Tip/Thought of the Day

Adrenaline Junkie

I watched with horror the story of those who died in a log jam coming down after reaching the summit of Mount Everest. Those who had risked everything, and achieved what so few would even dare to think about attempting had perished. Poor planning, overcrowding, inexperienced climbers and weather all came together catastrophically.

Most asked why? Why would anyone do such a thing? Take such a risk when the odds are against you from the get go. Why are homo sapiens the only species that seek out danger? The only ones who actually run towards it and risk their lives for, dare I say it, fun? Are they crazy?

Perhaps. That’s certainly one persons definition. People always asked why I chose to jump out of a perfectly good, working plane? Twice!

The answer? It was a thrill. Period.

There’s just no other response.

I craved it.The adrenaline rush feels like nothing else. That moment when your senses are heightened to such a degree time literally slows to a crawl. As a child I satisfied that need by getting on crazy carnival rides that spun at ridiculous speeds in all directions while held together with one bolt! Literally. In College I was intimately involved in bringing one of these crazy attractions to the university of Arizona’s Spring Fling- the Zipper. I was first exposed to it at the State fair in Phoenix when I was 10. I was hooked! The idea of piling into a cage that flipped forward and backwards at high speed was intoxicating. But figuring out how to angle it at just the right moment to spin upside down was heaven. Bringing that ride to our homegrown carnival was a dream come true. Especially when I could ride with abandon even when forced to go alone because no one else would join me. That was the problem, finding like-minded people to experience it with . That was when I learned the frightening truth.

These rides are assembled and dissembled by carnival workers with no expertise and often held together with gum and a shoestring. The last thing one sees when secured inside the ride is the equivalent of a clothes hangar locking the door in place! It was then I realized how insane I really was. But that didn’t stop me for a second. The anticipation and excitement was too attractive.Why? Did I have a death wish?Absolutely not. Not once did I ever imagine I could, or would, die. But there’s no question the danger aspect adds to the high.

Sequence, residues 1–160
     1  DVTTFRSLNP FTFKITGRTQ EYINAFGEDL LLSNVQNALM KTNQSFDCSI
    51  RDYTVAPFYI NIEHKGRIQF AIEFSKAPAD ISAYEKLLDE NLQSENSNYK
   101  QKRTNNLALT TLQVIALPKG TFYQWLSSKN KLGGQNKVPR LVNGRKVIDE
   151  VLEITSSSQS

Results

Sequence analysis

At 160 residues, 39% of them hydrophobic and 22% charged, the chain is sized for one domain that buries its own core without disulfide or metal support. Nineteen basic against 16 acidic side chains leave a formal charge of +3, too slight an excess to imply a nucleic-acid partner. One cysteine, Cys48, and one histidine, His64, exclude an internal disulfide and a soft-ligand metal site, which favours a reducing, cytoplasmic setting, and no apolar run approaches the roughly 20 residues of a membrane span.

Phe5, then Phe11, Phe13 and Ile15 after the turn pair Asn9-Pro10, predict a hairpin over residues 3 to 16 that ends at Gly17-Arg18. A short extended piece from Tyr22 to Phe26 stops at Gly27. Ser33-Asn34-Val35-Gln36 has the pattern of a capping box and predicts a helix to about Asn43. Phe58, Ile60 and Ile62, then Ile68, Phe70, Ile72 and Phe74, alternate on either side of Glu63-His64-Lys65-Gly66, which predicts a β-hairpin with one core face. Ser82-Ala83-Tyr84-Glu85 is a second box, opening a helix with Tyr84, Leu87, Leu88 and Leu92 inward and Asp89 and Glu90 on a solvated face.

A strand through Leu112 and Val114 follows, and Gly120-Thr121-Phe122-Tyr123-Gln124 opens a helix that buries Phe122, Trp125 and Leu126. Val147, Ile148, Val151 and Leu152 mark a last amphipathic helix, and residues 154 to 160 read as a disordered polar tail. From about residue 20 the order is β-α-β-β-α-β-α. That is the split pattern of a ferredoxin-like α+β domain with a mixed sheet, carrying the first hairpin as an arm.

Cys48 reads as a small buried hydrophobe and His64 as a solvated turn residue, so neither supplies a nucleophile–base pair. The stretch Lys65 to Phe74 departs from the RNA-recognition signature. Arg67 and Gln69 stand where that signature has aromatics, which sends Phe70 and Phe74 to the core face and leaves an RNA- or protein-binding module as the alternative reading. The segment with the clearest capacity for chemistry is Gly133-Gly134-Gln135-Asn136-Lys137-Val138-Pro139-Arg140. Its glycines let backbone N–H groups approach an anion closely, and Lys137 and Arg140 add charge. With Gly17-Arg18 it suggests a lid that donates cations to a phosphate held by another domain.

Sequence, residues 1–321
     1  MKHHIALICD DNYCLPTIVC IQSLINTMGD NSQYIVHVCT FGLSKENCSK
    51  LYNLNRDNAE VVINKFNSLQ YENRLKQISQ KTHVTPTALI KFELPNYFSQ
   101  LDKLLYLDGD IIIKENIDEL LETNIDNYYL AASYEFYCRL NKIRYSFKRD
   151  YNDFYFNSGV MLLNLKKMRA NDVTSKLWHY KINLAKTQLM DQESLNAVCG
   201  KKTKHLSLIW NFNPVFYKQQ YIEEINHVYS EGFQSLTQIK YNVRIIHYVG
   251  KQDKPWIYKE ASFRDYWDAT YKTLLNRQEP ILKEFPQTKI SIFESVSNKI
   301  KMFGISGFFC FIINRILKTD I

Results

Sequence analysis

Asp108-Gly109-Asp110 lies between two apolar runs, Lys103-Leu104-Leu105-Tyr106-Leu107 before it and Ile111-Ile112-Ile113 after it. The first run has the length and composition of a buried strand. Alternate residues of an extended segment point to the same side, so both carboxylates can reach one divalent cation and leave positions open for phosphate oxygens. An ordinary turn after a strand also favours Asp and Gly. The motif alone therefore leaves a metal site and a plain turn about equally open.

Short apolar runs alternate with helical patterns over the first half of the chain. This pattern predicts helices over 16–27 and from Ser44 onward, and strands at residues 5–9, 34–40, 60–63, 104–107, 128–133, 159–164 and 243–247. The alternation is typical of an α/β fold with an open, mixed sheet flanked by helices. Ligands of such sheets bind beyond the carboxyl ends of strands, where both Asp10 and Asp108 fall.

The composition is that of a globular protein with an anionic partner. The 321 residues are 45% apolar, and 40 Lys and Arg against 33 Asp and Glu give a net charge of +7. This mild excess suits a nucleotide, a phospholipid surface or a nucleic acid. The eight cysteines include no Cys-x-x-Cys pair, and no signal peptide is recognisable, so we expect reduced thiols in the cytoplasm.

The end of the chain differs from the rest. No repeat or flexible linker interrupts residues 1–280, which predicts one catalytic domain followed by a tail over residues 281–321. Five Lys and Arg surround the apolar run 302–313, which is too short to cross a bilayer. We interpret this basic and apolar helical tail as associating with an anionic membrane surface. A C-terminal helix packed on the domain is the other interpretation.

I also used to climb the rock cliffs of Sabino Canyon and Mount Lemon, ski down hill through moguls (large snow filled speed bumps) while playing chicken with trees. I’ve raced cars, sped down zip lines. . .

Not even when Sonny Bono died skiing into a tree in 1998 did I once think it could happen to me. Ask anyone who’s drawn to this craziness and the answer is always the same-we do it to overcome boundaries and test limits. To feel more alive in just a few seconds than any other time. And it’s addictive. Carnival rides no longer sufficed so it was onto bigger and more dangerous methods to get a fix. But none of us want to die or be hurt. Most take appropriate measures to keep the odds of injury low. But they are never zero. For me, I had to ask what risk is appropriate?